In search of new culinary experiences blue and green shades have been in a uprise in recent years and have experienced great success in the food industry. Since the approval by the United States FDA of spirulina in 2013 and the also by the European Union, Spirulina became the first natural blue available. Parallel with growth of the natural color market and with leading F&B companies pledging to switch to natural colors, the demand for the natural pure blue of spirulina took off.
Spirulina is best known for its antioxidant properties, high nutrient content, and vibrant colors. Spirulina is a microscopic freshwater blue-green alga, grown and harvested in aquatic farms globally. Many associate spirulina with being green, whilst the less common blue variety is simply an extract of this blue-green algae that’s had its distinctive deep blue pigment extracted and isolated. The blue pigment is called phycocyanin and gives the gorgeous, almost cobalt blue color. Unlike regular spirulina which some say has a fishy taste, the blue version doesn’t but it still has all the same nutrients. Historically Spirulina was predominantly grown in Asia but after its FDA approval as a food colorant it has spirulina cultivation has expanded to Europe and the United States.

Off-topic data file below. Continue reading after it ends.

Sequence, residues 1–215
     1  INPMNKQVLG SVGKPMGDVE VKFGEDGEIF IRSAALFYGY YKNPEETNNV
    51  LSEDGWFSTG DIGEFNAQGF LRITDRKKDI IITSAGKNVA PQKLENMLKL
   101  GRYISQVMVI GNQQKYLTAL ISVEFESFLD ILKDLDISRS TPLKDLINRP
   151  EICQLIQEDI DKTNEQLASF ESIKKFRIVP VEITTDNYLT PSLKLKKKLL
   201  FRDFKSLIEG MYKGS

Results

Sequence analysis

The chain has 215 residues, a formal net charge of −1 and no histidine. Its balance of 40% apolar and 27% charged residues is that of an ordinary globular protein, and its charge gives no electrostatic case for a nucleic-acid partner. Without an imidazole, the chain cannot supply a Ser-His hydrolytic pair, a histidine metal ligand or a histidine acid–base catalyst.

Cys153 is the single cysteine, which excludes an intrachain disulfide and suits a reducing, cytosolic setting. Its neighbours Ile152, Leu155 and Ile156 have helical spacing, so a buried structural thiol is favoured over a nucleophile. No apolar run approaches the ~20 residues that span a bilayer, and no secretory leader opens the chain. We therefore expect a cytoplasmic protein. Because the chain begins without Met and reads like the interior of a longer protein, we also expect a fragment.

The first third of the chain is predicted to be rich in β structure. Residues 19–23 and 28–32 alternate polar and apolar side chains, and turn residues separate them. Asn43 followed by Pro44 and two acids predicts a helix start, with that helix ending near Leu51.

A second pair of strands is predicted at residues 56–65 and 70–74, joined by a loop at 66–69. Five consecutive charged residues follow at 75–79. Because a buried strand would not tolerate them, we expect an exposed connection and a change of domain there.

Despite the recent surge in demand for Spirulina, the use of Spirulina is all but new. Its use can be traced back centuries as a food and nutritional staple of Aztecs in Mexico. After the 16th century the use of spirulina vanished from the historical records when, as part of the Spanish conquest the great lakes in the Valley of Mexico were drained. (Unlike the use of Carmine, also an Aztec originating color, that got its international boom after the conquistadors took it back to Europe.)
According to Persistence Market Research the global market for spirulina is estimated to grow from $719 million in 2016 to $1,855.8 million in 2026, with an impressive CAGR (compound annual growth rate) of 10%. The prominence of spirulina in the supplement and growing natural color industries will continue to increase dramatically as consumers become more and more interested in natural products. It is clear that the blue days of spirulina are over.
Spirulina color extract is primarily used in confectionery, yoghurts, ice cream, frozen desserts, dessert toppings, dry beverage, gelatin, puddings and custards. Spirulina color extracts are natural alternatives to replace synthetic coloring blends like e.g. Brilliant Blue.
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